• Geebo 8:00 am on October 12, 2021 Permalink | Reply
    Tags: banks, florida, , ,   

    Should banks be held responsible when the elderly are scammed? 

    Should banks be held responsible when the elderly are scammed?

    By Greg Collier

    An interesting legal issue has arisen in Florida, and it deals with one of the more common scams, where the elderly are usually the targets. Of course, we’re talking about the grandparent scam where scammers call the elderly to tell them that one of their grandchildren is in trouble, and they need money. This scam has claimed far too many elderly victims. However, there have been instances where banks have intervened on their customer’s behalf. Some banks have trained their employees to ask their customers questions about large or frequent withdrawals if they believe the customer might be the victim of a scam. The issue at hand here is just how responsible banks should be when it comes to protecting their customers like this?

    An elderly woman in Tampa lost $700,000 to scammers who had convinced her that her granddaughter had been in a car accident and was in legal trouble. One of the scammers posed as her granddaughter and told the woman not to tell anyone else in the family. Another scammer got on the line posing as a local attorney. As most of these scams start out, the first request was for bail money. Then more requests came in stating that money needed to be paid to the people who were supposedly injured in the accident.

    This resulted in 13 withdrawals from her bank. In some instances, the victim was instructed to leave packages of cash for couriers to pick up. The bank did ask why the woman was withdrawing so much money, but she told the bank she was renovating her home and paying a contractor who preferred to be paid in cash. This is what the scammers told her to tell the bank if they started asking questions. It’s been reported that someone did call the state’s abuse hotline, but the woman was allowed to keep withdrawing large sums of cash after the call was made.

    The victim has since sued the bank for negligence. So what do you think? Did the bank do its due diligence, or should they even be required to do so? Or is this just an unfortunate collision of coincidences that allowed the scammers to prosper?

    • Wally 9:54 pm on October 20, 2021 Permalink

      I’m on the fence with this. I worked for a small bank for 8 years and really enjoyed my customers. However, one challenge that you always are scammers trying to customer’s money. Some people come into the back saying they need to withdraw X amount or do cashier’s checks to send people they don’t know.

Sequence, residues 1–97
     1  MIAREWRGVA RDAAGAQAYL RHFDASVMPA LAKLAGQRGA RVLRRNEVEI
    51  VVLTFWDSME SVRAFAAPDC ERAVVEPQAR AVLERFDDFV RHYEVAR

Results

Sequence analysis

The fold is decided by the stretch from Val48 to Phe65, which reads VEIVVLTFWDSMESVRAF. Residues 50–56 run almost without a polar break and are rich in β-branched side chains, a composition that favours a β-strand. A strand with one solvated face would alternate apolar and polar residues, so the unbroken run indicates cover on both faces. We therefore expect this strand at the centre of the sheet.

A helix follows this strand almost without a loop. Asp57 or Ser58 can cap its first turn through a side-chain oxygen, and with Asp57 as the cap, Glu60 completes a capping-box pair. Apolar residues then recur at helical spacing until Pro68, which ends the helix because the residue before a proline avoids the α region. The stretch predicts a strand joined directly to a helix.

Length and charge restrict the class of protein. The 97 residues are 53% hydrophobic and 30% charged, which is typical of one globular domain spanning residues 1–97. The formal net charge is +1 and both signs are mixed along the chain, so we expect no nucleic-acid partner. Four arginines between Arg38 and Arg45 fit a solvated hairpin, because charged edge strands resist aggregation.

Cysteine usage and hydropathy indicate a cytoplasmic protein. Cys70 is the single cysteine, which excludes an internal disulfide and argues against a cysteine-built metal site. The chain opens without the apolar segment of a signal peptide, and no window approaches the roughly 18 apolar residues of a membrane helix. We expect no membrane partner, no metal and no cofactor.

As a previous banker I would always ask multiple times why they are sending the money and to whom and try to deter them as much as possible and even get managers involved. Some customers [not all] will realize that it’s a scam while others will question you as the banker why you won’t give them their money so they can do what they want. I truly feel really sorry for anyone who is scammed out of their hard earned money. I have sometime refused to handle many transactions if a client refuses to take our advise.

      Banking is becoming more and more riskier everyday and I have seen it cripple some banks wit the losses they have suffer being in some installs they may have to reimburse their clients up to FDIC limits. But again, I think it’s TERRIBLE for the elderly or anyone to be scammed.

  • Geebo 8:00 am on August 31, 2021 Permalink | Reply
    Tags: , , florida,   

    Bail bond scam adds insult to injury 

    Bail bond scam adds insult to injury

    By Greg Collier

    Getting a phone call telling you that a loved one has been arrested can be one of the most harrowing experiences you can possibly have. For people in lower-income families, this is especially true, as it puts another financial burden on an already overburdened family. Even the most minor of offenses can set a family back months when it comes to paying the bills. Now imagine getting that call and losing the money you scraped up for bail to scammers.

    If you’re a regular reader, you may think we’re talking about the grandparent scam once again. That’s where scammers pose as a loved one pretending to be in jail and ask for bail money. However, this time, we’re talking about a different scam where the loved one has been actually arrested. In Florida, a man had been arrested for DUI. Since most arrests are publicly available information, scammers called the man’s mother, posing as a bail bonds agency. The scammers told the woman that her son told them to call her and that she needed to pay $900 to bail out her son. The payment was requested in prepaid debit cards. When the woman went to get her son out of jail, she discovered that the bail bonds agency didn’t even exist. She had to go to another bail bondsman to get her son out of jail.